Monday, 7 September 2015


“We are all born for love. It is the principle of existence, and its only end.” - BenjaminDisraeli

We watched a quirky, fun film the other day, which we enjoyed quite a lot. It was Luc Besson’s 2005 comedy/fantasy “Angel-A” starring Rie Rasmussen, Jamel Debbouze and Gilbert Melki. Luc Besson also wrote the screenplay, and it seems to have been a labour of love. Although not entirely original, the plot works and hinges on redemption and personal growth of the protagonist to make it appealing for the viewer.

The plot has as follows: André (Jamel Debbouze) is a small-time ex-convict who seems to owe money to everyone in Paris, including a crime boss who threatens to kill him if he doesn’t repay him by midnight. After failing to find protection from the American embassy and the French police, a despairing André scrambles onto a bridge over the Seine, intending to leap to his death. He is surprised to see a tall, beautiful girl (Rie Rasmussen) clinging to a rail on the same bridge, apparently preparing to end her life as well. She jumps, and he jumps too, suddenly resolving to save her life. After scrambling ashore, she tells him her name is Angel-A. Together, they take a cruise on the Seine, repay André’s creditors, visit a Parisian nightspot, and more, as Angel-A helps André. He learns that for this purpose she has fallen out of the sky and into his life. André finds himself falling in love with this mysterious beauty…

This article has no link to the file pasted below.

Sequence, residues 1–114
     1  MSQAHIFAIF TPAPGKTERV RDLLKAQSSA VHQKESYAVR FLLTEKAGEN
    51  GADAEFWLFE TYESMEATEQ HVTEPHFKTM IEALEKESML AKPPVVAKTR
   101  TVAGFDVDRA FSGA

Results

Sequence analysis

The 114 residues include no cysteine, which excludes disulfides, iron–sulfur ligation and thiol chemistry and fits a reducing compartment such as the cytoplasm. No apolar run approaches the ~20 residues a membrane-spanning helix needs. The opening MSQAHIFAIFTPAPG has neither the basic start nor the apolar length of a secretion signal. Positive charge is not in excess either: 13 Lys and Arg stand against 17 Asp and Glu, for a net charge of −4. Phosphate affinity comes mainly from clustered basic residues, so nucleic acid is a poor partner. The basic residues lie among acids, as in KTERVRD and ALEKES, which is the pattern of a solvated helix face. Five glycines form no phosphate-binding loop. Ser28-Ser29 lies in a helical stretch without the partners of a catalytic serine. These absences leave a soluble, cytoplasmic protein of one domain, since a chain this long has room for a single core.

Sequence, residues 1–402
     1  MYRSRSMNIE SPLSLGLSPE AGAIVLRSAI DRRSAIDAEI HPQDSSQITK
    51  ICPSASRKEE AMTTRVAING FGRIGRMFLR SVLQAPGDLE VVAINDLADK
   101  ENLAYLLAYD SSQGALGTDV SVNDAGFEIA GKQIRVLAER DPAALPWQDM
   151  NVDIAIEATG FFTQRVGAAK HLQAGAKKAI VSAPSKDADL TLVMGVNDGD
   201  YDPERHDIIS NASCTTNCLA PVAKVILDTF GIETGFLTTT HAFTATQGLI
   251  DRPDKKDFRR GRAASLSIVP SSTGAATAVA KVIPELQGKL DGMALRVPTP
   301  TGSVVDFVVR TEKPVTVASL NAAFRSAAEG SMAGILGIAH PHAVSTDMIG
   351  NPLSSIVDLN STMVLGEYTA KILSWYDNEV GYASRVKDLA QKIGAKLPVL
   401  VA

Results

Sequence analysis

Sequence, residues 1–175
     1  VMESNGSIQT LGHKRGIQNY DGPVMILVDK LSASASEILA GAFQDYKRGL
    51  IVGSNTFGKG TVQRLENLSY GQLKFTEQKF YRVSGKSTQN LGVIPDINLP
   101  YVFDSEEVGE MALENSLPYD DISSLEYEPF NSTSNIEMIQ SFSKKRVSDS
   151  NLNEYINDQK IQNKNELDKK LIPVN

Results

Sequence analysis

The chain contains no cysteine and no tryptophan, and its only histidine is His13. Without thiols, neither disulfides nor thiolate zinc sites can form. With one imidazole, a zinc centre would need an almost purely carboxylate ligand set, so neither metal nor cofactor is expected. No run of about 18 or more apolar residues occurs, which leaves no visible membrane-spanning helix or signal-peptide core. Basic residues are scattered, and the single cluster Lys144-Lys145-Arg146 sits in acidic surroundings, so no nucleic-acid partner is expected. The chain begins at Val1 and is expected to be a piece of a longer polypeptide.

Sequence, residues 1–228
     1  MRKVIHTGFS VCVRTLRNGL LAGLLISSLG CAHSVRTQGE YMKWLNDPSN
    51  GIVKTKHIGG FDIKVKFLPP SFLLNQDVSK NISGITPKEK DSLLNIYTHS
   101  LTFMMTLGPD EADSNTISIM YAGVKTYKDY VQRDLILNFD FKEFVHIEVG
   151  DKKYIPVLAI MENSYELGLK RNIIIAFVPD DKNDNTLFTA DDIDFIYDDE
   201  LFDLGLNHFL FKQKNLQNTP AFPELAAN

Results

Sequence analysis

We enjoyed in particular the atmospheric black and white-photography by cinematographer Thierry Arbogast, who also worked on Besson’s previous films. Autumnal Paris, is beautifully shot with external shots showing well-balanced lighting. Many famous Paris sights make an appearance and one can take it all in, enjoying the sights as well. The lead actors are perfectly cast for their roles and play with verve and gusto. There is a great deal of chemistry between the gangly Angel-A and the ratso André and one can tell that these actors had a great deal of fun while making the movie.

The plot device of angels coming to earth to help humans is not a new one. However, Angel-A is a strange angel, who appears to be quite earthy and not unwilling to gets her hands dirty in order to help her charge. The way that she makes money in order to get André debt-free is quite unangel-like to say the least. There is a lot of clever, funny repartee between André and Angel-A, and no car chases and explosions as one has seen in other Besson films.

The film can be seen as an instruction manual on cognitive therapy, which has a goal to transform distorted thinking. Angel-A is André’s therapist, giving him reasons to love himself, and teaching him techniques to change the way he thinks or speaks of himself. She teaches him to love himself and thus allowing himself to love others too.

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